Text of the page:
Wednesday, February 4, 2015

Re: Fathers

The Pope has been on a big run lately in talking about the importance of fathers. Take these comments today from Zenit, for example.

In his address, Pope Francis continued his catechesis on the role of the father saying that he wanted to reflect on its positive aspects. Every family, he said, needs a father in order to transmit "what truly counts in life, namely a wise heart."

"A father knows wells how much it costs to transmit this heritage: how much closeness, how much sweetness and how much firmness," he said. "But, what a consolation and what a reward you receive, when children honor this heritage! It is a joy that redeems all labor, which surpasses all misunderstanding and heals every wound."

As I read these comments, I couldn't help but think of those whom we call "fathers" all through our lives. Not just the biological ones or even our priests, but the Church Fathers and a connection made in our prior post regarding St. John XXIII.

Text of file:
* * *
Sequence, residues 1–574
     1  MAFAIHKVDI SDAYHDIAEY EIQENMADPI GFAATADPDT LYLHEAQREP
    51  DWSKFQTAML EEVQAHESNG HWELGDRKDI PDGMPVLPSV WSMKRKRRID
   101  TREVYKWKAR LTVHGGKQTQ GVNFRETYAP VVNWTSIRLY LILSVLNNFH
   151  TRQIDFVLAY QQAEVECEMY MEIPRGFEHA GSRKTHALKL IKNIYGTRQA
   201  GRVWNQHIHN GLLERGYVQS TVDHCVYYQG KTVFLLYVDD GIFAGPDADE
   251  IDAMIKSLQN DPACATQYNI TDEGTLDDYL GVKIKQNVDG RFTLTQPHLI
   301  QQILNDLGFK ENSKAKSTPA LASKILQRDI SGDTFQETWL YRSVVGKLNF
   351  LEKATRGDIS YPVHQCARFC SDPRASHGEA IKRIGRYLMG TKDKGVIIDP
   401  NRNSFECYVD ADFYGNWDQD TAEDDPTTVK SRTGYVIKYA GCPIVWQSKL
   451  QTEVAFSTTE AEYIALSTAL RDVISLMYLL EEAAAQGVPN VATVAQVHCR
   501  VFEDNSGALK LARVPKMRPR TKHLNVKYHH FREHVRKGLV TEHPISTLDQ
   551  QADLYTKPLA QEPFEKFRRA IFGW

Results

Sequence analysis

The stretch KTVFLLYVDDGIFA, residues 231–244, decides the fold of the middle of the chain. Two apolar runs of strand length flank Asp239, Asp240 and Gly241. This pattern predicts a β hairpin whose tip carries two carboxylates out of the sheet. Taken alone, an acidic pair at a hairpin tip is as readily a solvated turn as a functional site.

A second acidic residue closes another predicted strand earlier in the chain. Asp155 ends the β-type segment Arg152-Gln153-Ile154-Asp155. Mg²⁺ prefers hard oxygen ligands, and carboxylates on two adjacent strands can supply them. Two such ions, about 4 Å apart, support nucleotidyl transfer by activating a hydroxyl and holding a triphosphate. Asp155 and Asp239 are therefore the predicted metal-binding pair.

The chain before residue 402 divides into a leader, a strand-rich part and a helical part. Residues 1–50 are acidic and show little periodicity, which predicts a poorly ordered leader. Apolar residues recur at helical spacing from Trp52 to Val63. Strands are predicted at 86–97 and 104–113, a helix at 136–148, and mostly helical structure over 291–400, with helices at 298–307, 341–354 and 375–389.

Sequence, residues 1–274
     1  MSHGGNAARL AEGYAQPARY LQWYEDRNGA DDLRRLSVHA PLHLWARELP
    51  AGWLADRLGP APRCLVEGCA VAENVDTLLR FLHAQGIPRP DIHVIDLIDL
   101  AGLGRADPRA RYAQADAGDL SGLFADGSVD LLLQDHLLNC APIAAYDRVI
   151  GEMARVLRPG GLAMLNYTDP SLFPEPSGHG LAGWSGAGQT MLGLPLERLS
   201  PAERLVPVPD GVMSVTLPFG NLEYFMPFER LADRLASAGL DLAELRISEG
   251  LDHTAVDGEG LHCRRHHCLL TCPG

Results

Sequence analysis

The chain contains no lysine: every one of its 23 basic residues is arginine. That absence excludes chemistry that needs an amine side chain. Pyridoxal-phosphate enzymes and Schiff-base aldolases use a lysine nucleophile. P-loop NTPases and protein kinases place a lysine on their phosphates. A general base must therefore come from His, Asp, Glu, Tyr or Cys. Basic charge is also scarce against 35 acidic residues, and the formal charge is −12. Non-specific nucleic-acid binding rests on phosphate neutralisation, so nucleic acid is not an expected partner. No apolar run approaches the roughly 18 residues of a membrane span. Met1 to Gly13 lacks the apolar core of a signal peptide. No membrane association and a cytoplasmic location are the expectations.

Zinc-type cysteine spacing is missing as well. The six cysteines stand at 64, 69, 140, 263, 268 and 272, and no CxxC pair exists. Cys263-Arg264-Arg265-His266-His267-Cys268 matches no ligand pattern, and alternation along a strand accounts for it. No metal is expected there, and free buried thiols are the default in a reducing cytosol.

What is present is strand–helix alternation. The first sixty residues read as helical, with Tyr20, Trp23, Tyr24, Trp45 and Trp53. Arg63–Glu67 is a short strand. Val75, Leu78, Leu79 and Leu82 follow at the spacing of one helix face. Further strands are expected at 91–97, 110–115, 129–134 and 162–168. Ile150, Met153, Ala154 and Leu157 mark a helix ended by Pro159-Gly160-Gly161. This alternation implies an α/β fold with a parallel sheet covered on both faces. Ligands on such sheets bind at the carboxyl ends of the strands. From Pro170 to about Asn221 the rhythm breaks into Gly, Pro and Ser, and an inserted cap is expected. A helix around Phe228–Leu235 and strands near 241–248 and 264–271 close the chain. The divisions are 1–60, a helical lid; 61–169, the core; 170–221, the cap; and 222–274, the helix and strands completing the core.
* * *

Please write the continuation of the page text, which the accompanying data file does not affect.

Do we have any comprehension of how revolting these Fathers are to the sensibilities of the modern Catholic? Take "inter-religious dialogue" for example. The Fathers, to a man, would happily tell you that non-Christian religions are essentially the worship of devils who have deceived people into thinking them gods. Consider how fast a priest would be reported to his bishop these days for making an observation that is bedrock Catholicism, transmitted to us at great cost, to use the Holy Father's words.

Heresy and schism within the definition of Christianity? Would the Fathers have held endless big money "conferences" and "seminars" with the Pelagians, iconoclasts, Donatists, and so forth? Would their have been an infinite number of self-congratulatory statements about non-existent "progress" and "mutual enrichment"?

Of course not.

Yet these perspectives are anathema to our modern minds. How sad that, as we have a pope emphasizing the role of fathers and the respect due to them, we, their spiritual children, have chosen to forsake their wisdom in exchange for banal platitudes.

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